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In our lives—be it physical or digital—we look for signals to better understand how people feel about things. From a smile flashed during a conversation to a happy face emoji at the end of a written message, we look for clues on people’s feelings to bring clarity to the emotion attached to communications or interactions. We often use this information to make decisions about what we should continue doing and what we should halt.
We recently released Sentiment Tagging, allowing customers to select intuitive “negative” and “positive” tags for the notes and clips they capture when reviewing completed sessions. By scanning these tags, customers can understand at-a-glance the sentiment of insights and quickly filter when creating Highlight Reels.
Our journey to creating Sentiment Tagging started when we observed how our customers were manually tagging their notes. We noticed that many of the top tags customers created were about sentiment. The top 10 most used tags included (in relevant groupings):
Another observation: the tags were inconsistent. This is very human: in an effort to quickly analyze responses manually, a person may use synonyms for the same interpretation of sentiment or may choose to abbreviate or punctuate a word or phrase when creating certain tags. And this inconsistency made the creation of Highlight Reels more difficult, considering customers are filtering for clips by tags.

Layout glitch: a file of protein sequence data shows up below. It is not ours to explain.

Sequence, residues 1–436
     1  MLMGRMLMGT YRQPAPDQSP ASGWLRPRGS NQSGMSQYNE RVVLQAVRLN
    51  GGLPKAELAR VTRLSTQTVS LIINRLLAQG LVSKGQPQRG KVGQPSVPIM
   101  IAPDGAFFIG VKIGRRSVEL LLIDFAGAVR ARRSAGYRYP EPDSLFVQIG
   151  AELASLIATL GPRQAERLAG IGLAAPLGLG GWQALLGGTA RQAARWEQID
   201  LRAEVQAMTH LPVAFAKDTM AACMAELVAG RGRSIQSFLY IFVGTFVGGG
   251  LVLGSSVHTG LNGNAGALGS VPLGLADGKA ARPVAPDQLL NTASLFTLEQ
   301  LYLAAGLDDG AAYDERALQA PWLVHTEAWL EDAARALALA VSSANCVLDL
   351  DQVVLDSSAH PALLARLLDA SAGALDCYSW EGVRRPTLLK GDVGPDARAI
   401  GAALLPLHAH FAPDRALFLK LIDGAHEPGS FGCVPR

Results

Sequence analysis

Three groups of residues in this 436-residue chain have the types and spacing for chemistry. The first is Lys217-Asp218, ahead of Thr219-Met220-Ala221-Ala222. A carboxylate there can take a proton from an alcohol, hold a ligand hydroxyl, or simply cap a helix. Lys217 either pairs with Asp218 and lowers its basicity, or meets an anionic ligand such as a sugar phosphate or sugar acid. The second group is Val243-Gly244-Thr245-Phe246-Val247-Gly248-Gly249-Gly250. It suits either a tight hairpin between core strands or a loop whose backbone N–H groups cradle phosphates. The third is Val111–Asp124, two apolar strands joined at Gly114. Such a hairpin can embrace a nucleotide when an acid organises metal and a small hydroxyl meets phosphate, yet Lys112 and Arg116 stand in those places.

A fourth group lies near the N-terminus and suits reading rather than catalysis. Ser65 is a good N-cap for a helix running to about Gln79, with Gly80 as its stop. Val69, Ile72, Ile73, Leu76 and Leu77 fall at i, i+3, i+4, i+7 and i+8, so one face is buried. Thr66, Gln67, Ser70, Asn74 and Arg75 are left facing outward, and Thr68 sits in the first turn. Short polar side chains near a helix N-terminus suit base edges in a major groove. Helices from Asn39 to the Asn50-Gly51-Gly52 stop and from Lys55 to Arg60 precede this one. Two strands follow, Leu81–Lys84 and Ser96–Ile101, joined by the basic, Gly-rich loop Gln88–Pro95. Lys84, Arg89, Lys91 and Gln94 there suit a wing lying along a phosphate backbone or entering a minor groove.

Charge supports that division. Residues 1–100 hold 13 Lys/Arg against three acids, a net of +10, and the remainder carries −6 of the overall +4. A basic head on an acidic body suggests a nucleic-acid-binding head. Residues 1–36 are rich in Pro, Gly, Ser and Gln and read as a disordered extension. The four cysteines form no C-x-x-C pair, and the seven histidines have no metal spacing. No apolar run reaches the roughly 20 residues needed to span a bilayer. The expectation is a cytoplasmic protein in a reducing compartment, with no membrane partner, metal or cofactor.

So we set out to create a solution that would increase speed to insights by streamlining the creation of sentiment-based tags and improving visibility when scanning in the video player or during Highlight Reel creation. Since we wanted the solution to be as simple and as easy-to-use as possible, we thought about using emojis because they are such an intuitive proxy for emotion. And in early conversations, customers agreed with this initial hypothesis.
Finally, back when we started on this path, we also had to consider this future feature in the context of our then-product, and we had to make some decisions to set the right foundation for this feature to have a real impact. It’s for this reason that back in November of last year, we changed the heart icon that had previously existed in Notes & Clips to a star icon to mark as important. Doing this ensured that customers could better understand and differentiate between tagging a note based on its importance or the sentiment expressed.
Sentiment Tagging was released along with our other Q1 2020 product releases. By tagging notes with the “negative” and “positive” emojis, we hope that it becomes clear how your customers and users feel about your digital experiences and makes it easier for you to share this with others in your organization.
If you have positive feelings about this upgrade, then you’ll be excited to hear that we have additional sentiment-based updates planned for the future. In fact, we are using the data from Sentiment Tagging to train our Machine Learning model so that we can introduce features in the future that help automatically identify sentiment.
And if you have feedback about Sentiment Tagging or would like information on participating in beta programs to get early access to future features, please reach out to your Customer Success Manager or contact us.